by JEAN-LUC MARSH
One thing should be made explicitly clear to anyone embarking on a trek through the somber terrain that is Untogether: happiness will not be found here. Rather, Blue Hawaii’s sophomore effort takes a sharp turn away from the direction of their sun-dappled debut, exploring the dark side of the dichotomy that is electronic music. Untogether is not an album saturated with Balearic club bangers or infectious hooks. Over the course of eleven songs, a chilly aesthetic is cultivated with the help of sparse, prickly arrangements and distorted vocals. Untogether uses the chrome-coated, impersonal side of electronica to alienate the listener, leaving them cold and alone in the often barren soundscape.
Blue Hawaii, composed of Alex Cowan and vocalist Raphaelle Standell-Preston, is a product of the burgeoning experimental music scene in Montreal that has already developed the talents of artists such as Grimes, Purity Ring, and Majical Cloudz. Traces of mutual influences abound on Untogether, which evokes the frigid, nocturnal ambience of the less upbeat tracks on Grimes’ Visions. Blue Hawaii diverges from its contemporaries in that it does not try to create a confection that might enjoy crossover success. Strong choruses (such as Purity Ring’s) will not be found on Untogether, nor will rhythms anywhere near the occult anthems of Grimes. Untogether, unified in its bleak tone, is an album that does not try to shelter the listener from the icy Canadian winter.
In the span of five minutes, album opener “Follow” goes through three distinct phases. Beginning with synths fading ominously between the background and foreground like ghosts floating in and out of existence, and the unintelligible vocals of Standell-Preston doused in reverb, the first two minutes of “Follow” form a bracing, surrealist nightmare. The next phase of the track introduces gentle percussion as well as discernible lyrics. Standell-Preston coos over the now fully present synthesizers, expressing her laments in an ethereal tone that hovers over the brooding rhythm. The final sonic shift occurs with less than a minute of “Follow” remaining. Standell-Preston’s spectral voice gives way to a twilight zone-esque thirty seconds of chirps and echoes. The introduction is now complete, and having endured the eerie tumble down the rabbit hole, the listener arrives in a dystopian wonderland devoid of any color.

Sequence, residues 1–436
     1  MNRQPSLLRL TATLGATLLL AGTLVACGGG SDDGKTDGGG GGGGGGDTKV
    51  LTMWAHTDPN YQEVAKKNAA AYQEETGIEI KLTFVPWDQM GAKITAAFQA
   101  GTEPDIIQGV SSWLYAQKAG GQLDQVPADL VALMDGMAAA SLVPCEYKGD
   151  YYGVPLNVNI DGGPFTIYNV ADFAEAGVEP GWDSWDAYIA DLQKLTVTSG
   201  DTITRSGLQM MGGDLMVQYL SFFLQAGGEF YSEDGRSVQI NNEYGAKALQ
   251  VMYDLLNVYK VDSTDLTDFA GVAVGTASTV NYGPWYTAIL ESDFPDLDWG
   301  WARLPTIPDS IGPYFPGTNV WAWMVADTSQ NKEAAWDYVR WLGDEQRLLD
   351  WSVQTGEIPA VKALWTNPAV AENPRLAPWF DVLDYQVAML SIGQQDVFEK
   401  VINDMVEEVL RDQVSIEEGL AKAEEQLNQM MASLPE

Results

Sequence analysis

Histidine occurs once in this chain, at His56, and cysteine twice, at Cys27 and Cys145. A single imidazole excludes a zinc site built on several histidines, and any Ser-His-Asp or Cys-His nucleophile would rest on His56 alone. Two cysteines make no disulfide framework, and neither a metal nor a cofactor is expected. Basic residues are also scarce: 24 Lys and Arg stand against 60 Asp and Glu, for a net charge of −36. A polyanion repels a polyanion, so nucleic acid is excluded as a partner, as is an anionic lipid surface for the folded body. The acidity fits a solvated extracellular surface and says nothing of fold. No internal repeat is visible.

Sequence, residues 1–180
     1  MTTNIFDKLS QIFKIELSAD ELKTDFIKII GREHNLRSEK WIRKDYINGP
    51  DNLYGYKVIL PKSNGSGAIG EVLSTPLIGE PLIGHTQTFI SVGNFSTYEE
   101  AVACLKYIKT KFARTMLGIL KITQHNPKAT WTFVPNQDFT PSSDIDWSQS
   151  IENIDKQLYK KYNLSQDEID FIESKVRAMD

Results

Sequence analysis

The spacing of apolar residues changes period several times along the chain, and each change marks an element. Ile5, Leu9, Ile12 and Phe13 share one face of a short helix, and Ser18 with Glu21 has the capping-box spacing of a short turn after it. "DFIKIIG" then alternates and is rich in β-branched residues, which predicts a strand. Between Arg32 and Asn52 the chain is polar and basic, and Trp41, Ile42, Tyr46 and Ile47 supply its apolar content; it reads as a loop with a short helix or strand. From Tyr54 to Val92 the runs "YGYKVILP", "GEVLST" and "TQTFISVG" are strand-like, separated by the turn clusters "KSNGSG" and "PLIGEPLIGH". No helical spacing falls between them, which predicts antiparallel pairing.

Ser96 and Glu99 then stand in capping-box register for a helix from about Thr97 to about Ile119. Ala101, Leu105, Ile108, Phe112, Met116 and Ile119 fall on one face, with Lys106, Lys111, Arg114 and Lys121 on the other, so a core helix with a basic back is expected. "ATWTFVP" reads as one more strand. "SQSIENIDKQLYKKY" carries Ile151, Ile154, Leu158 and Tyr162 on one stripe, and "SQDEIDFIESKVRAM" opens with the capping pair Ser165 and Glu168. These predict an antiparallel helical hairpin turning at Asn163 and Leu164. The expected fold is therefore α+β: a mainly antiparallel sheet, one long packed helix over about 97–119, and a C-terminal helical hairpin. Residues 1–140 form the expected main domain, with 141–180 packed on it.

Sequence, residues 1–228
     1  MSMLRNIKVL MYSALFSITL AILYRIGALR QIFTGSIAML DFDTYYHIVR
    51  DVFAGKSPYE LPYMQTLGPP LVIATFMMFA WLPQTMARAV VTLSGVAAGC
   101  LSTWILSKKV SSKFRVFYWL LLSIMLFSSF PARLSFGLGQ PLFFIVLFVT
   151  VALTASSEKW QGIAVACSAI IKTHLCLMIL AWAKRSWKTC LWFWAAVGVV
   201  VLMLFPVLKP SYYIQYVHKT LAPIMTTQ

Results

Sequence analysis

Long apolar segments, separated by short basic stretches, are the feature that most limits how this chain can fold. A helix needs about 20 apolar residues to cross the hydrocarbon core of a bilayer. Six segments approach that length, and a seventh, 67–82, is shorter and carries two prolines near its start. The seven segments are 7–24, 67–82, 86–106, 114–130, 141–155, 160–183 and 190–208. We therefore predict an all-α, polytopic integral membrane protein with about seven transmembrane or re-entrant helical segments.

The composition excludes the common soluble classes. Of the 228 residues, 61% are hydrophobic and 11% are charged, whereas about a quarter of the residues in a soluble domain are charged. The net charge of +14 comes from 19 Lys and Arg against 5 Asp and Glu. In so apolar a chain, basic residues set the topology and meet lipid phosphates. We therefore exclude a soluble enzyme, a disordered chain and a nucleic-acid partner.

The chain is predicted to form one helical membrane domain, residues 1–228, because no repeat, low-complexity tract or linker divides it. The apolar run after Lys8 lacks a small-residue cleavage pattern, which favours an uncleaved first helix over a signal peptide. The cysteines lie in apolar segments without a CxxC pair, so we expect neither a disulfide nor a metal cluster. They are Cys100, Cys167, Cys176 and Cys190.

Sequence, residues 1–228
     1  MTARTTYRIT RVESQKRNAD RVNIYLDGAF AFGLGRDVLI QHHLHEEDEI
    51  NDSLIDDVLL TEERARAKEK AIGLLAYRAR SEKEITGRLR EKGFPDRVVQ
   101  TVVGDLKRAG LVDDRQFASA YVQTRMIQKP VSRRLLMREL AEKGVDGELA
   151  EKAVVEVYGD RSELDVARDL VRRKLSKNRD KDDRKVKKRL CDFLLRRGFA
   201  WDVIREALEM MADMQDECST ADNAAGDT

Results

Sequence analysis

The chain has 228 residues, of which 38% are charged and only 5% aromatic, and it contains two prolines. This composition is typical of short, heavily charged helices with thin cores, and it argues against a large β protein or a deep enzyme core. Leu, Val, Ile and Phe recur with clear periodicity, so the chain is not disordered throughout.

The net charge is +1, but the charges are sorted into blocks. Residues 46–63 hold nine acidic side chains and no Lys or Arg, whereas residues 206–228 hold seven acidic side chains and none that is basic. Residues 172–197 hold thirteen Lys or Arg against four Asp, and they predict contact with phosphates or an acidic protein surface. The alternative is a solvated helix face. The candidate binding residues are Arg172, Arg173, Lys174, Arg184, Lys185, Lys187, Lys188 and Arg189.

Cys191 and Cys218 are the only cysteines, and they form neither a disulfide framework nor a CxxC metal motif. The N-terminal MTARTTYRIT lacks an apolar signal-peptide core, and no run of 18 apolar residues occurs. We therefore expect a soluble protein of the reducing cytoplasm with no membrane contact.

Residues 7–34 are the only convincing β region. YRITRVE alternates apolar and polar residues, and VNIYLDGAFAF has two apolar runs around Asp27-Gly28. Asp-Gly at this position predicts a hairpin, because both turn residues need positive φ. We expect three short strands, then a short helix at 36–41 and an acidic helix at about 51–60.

“Try To Be” garnered early praise, and for good reason. It is the most immediate track on Untogether, with lyrics that remain coherent across the entire span of the song. The simplistic guitar rhythm that guides the track is the closes thing to warmth on Untogether, an earthly sound in an album saturated with the gloomy reverberations of artificiality.
The third and fourth tracks, “In Two” and “In Two II,” coalesce into one continuous melody. Both portions form the most transfixing song on the album, guided by a beat that would fit on tamer varieties of house music. This is the closest one will ever get to dancing on Untogether, and it should be relished. The two tracks are the last flickers of light on the album, one final gasp for air before diving into the inky deep that Untogether is a denizen of. “It doesn’t hurt / It only makes you sicker than me / Wiser / The end to us,” sings Standell-Preston in an eerie detachment, before the final percussion passes, and Untogether sinks beneath the surface.
Beginning with “Sweet Tooth” and continuing through the end of the album, Untogether fades away into its own aesthetic. The bleakness that compounds with each song only depresses the listener more. Despite the deployment of several catchy gimmicks across the seven-song span (the scatterbrained, metallic synths on “Sierra Lift” and the ghostly, post-tropical sounds on “Reaction II”), attention is never regained, and Untogether ultimately succumbs to its own spell. The sounds of alienation and depression are portrayed so effectively, that Untogether becomes less of an album to listen to, but a soundtrack to one’s internal struggles.
Untogether will never find itself on a summer playlist, nor any compilation meant to be played at an occasion with even a hint of happiness, but that is not where its value lies. It is intensely personal, tangled in the sentiments that privately plague each of us. Untogether is meant for those cold, murky nights in which we feel completely and utterly alone. [B-]
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Listen to the album at Pitchfork Advance